The trial of two Turkish journalists accused of espionage and aiding a terrorist organization adjourned Friday and one of them expressed hope that the case was nearing acquittal.
Speaking to reporters outside the Caglayan courthouse in Istanbul after their third hearing, Can Dundar, editor-in-chief of the opposition Cumhuriyet newspaper, said that, finally, the court registered their cases as acts of journalism, keeping them separate from another case related to Turkish intelligence operations.
Dundar and Cumhuriyet’s Ankara bureau chief, Erdem Gul, could face life in prison for a story with images they published in January 2014, alleging the Turkish government smuggled weapons to Syria.
In another case, also related to increasingly restricted free speech in the country under President Recep Tayyip Erdogan, four Turkish academics accused of spreading “terrorist propaganda” went on trial in the same courthouse in Istanbul Friday, for signing a declaration condemning Turkey’s military action against Kurdish rebels.
The four academics on trial and more than 1,000 of their colleagues signed the petition urging Turkey to halt its “deliberate massacres and deportation of Kurdish and other peoples in the region." The petition infuriated Erdogan and led to the legal proceedings against them.
If convicted, the academics could be sentenced to up to seven-and-a-half years in prison.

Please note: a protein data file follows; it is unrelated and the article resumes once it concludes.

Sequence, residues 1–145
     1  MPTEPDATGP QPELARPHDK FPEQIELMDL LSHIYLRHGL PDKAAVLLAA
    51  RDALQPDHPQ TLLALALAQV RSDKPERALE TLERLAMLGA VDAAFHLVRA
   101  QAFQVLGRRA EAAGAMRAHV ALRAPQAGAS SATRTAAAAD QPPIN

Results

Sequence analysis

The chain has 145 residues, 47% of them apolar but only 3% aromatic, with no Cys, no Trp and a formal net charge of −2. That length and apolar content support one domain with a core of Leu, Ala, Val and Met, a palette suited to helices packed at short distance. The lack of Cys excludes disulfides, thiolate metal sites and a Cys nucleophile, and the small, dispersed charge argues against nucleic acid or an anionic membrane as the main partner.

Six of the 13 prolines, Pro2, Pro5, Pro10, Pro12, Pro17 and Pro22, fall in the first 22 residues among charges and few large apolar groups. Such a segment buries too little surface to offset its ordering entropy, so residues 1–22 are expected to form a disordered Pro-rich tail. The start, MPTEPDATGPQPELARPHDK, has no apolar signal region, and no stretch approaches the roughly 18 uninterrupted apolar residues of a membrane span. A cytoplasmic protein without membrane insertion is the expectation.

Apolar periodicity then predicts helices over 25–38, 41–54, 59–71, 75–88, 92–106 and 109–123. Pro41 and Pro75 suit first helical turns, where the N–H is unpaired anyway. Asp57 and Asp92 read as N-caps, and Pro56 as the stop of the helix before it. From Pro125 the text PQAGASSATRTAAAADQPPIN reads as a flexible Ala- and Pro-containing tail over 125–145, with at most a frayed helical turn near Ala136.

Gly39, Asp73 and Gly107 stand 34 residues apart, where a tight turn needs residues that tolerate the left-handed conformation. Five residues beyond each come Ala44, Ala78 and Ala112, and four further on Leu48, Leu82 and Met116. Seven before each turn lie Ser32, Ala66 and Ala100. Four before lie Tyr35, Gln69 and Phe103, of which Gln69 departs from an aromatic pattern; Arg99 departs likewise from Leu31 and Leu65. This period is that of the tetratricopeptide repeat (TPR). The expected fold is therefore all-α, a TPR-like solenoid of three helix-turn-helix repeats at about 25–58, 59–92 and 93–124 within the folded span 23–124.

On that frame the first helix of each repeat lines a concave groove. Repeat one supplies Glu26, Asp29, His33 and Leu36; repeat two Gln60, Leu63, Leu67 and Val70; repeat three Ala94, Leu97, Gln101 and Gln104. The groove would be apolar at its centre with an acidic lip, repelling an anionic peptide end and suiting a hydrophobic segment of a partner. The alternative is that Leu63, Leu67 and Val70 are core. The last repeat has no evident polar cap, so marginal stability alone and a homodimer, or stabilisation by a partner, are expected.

"We are at the academics' hearing. The same groundless allegations," Dundar tweeted.
Hundreds of demonstrators, among them opposition legislators and university students, gathered outside the Istanbul courthouse to show their support for Cumhuriyet journalists and the academics, as riot police stood guard.
They were holding placards reading "Freedom for the pencils" and “Freedom for the academics" and "Don't Touch my teacher; end to dictatorship in university."
Demonstrator Gonenc Hacaloglu said that the journalists are being tried for reviling the ruling party and the government’s war crimes.
Some opposition legislators joined the rally as riot police stood guard outside the courthouse.
Garo Paylan of pro-Kurdish opposition party HDP (People's Democratic Party) said that journalism cannot be described as espionage for revealing misdeeds by the state and informing the public.
Rights groups have repeatedly sounded the alarm about the intolerance of dissent shown by authorities in Turkey. Since becoming president in 2014, Erdogan has prosecuted nearly 2,000 people for insulting him.
In the recently released 2016 World Press Freedom Index, Turkey fell to 151st out of the 180 countries ranked by Reporters Without Borders.
Earlier this year, U.S. Vice President Joe Biden visited the country, where he criticized Turkish leaders for cracking down on freedom of expression.
Biden said the Turkish government was not setting the right "example" with its imprisonment of journalists and investigation of academics who have criticized the government's military campaign in Turkey's Kurdish-dominated southeastern region.